He watched over FaceTime on his layover as our daughter was born, and it was my sister who was in the room and cut her cord -- we always joke how this moment bonded her to my daughter for life. Over the next year, with Anthony still in California, it was my sister who I lived with, along with our dad who came to stay with us a while, who helped me to care for and raise our daughter, Noelani.
Flash forward to a couple months ago when we were expecting our second child. This time Anthony and I were together under one roof and it was my sister who was roughly 3,000 miles away working on a Fulbright in Morocco. This time around Anthony and I got to do together all the things we missed out on the first time: daily shared meals, doctor's visits, birth classes, nightly belly rubs and baby kicks.
My sister finished her fellowship and moved back stateside just a few weeks before my due date, so, naturally, she temporarily moved in with our little family. In the days leading up to my due date, I envisioned the birth of my second daughter with Anthony, Noelani, and my sister there with me. When the time came, everything happened exactly as I hoped it would, and I later realized that it was my sister who was the one constant physically by my side through the births of both my daughters.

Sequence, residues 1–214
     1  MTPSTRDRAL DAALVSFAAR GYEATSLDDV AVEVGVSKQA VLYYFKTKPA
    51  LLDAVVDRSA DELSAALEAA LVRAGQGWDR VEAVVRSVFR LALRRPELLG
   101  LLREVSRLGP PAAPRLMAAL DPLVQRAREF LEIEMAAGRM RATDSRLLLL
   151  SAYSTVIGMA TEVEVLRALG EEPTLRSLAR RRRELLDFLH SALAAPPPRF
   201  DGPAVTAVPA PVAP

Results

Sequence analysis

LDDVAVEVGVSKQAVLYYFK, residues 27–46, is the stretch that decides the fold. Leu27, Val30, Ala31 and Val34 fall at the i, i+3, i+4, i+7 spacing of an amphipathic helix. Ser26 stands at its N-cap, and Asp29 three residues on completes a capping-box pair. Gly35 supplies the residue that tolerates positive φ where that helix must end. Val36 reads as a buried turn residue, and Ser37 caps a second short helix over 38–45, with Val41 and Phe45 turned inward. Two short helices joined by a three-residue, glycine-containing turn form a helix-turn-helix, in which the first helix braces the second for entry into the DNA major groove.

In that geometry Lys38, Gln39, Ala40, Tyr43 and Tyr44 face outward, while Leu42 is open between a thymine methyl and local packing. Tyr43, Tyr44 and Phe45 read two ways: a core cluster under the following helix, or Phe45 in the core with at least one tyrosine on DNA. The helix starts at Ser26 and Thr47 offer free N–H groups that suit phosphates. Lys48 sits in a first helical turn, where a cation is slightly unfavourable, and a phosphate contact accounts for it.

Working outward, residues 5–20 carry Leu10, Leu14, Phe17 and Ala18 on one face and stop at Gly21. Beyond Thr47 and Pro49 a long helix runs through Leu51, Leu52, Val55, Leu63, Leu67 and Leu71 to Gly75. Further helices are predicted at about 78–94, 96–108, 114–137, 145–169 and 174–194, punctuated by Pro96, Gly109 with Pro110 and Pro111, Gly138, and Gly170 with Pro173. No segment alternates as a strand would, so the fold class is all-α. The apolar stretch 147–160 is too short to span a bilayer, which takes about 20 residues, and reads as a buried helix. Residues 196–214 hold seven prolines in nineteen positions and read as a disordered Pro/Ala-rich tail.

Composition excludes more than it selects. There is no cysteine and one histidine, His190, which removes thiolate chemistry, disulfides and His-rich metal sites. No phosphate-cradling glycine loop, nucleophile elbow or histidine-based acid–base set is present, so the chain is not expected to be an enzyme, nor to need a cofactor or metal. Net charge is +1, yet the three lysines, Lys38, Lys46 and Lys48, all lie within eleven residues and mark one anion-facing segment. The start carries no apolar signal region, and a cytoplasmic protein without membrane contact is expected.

After my second daughter, Niara, was born, people would ask me, "So what did you end up having?" When I replied, "A girl!" I was mostly greeted with "Congratulations!" but a surprising number of times I got a well-intentioned: "I guess you'll just have to try for a boy next time." As much as I’m excited to someday raise a future young man, to be a mother to a boy, to see my husband interact with a son... I wouldn't trade this adventure as a mom to two little girls for anything.
My life has taught me that nothing quite comes close to the blessing of a sister: Someone to share meals and clothes and advice with. Someone to navigate middle school, high school, and even college with and then years later reminisce about those days. Someone to journey with you through life’s regular ebbs and flows: breakups, moves, and new jobs. And also the big moments: the loss of a grandparent or the births of your children. Someone to love, raise and care for those children like her own. Someone who, no matter where in the world she might be, would hop on the next plane, train or bus to be with you if you needed her.
I am so excited to see how my girls will grow over time and am already amazed by their affection, the care and protectiveness Noelani already has for Niara. I can't wait to continue to witness their interactions over the years and be reminded of my own sisterhood, and also surprised by how unique and different their journey and dynamic will be from ours. I know that if they get from their relationship even a fraction of what I have in mine with my sister, then they will be abundantly blessed. But my hope for them will always, always be to have even more than what I’ve had-- more love, more memories, more laughter, more sisterhood.